Imperialist powers fuel war in Syria

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Peter Pan
Imperialist powers fuel war in Syria
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The discussion that follows was prompted by the article: Imperialist powers fuel war in Syria. The discussion was initiated by Peter Pan.
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Peter Pan
German imperialism

Excellent article.

Some thoughts passed me by, not necessarily directly related to Syria.

  1. What about Germany? Which imperialist course and/or appetites does it have? I should reread the declaration of the latest international congres on the imperialist scene, but still, alliances between states can change very quickly these days. I'm wondering about Germany, because it represents, as far as I know, a relatively stable and important concentration of capital in global capitalism, but without a standing army (am I right about this?). Germany and China engage in stronger economic cooperation (e.g. http://www.youtube.com/watch?v=-lSS15MeQCk). China has on its side, a big army (modern or not? I don't know). Given that China supports Iran, does this mean that Germany supports Iran as well? Or do the Germans have nothing to say on Syrian matters, because of their weak (?) army?
  2. Why exactly do the USA, France, UK... want from Iran? What is their final goal? I mean this question in a deeper sense: why imperialism? What is the final goal of all the states on the imperialist scene? Do the states in question want to conquer the Iranian markets to sell their own products? Or is this too "rational"? Is the aggresiveness of USA, UK... more a "preventive" move, to try stop the Iranian danger of conquering markets in the region, which are for the moment mainly under "control" of the USA & UK. Or is this still too "rational"? What about Turkey, does it just want to win territory? But with what purpose? Winning markets? Where can I find a text on the growing irrationality of warfare today? I know the theses on decomposition speak of it, but not as deep as I would wish. I still don't understand why nations do not tend towards "stable" alliances like during the cold war period. Yes, before WW1 and WW2 the alliances were not always that stable and changed quite quickly. But still, I don't see why some regions are fought over just for military/strategic reasons. I do not claim that they fight for petrol profit: a war is far too costly, so the economic balance would be under zero. But what thrives states then to go to war? Are these everlasting war zones than just endlessly unfinished wars towards a goal, which will never be reached: the conquering/control of the world, by just 1 state?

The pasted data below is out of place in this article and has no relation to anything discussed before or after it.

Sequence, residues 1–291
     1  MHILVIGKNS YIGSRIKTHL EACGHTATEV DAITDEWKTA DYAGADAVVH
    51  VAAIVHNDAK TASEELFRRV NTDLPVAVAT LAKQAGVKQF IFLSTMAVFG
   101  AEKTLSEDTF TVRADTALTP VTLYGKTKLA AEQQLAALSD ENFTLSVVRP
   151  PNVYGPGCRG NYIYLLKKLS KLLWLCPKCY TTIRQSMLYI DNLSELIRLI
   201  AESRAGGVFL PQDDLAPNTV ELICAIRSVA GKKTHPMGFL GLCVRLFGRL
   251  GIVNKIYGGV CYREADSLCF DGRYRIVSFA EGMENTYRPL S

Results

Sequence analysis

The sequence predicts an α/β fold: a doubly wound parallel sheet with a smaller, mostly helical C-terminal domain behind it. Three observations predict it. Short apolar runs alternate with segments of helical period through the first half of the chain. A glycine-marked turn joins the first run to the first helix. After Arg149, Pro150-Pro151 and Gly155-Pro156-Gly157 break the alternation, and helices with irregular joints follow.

ernie
Peter I will try to answer

Peter

I will try to answer one of the questions you ask: what is the aim of each imperialist power? The briefest answer is: to defend the national interest. The national interest being the interest of the national capitalist class. This does indeed involve the expansion of its economic presence and interests, but at the same time each national imperialism is faced with the other imperialist seeking to underminne it and to drive it out of areas where it has an influence and if possible to conquer its home markets. Thus each  national capital is engaged in a constant life and death struggle to not only increase its influence but also to stop that influence being undermined.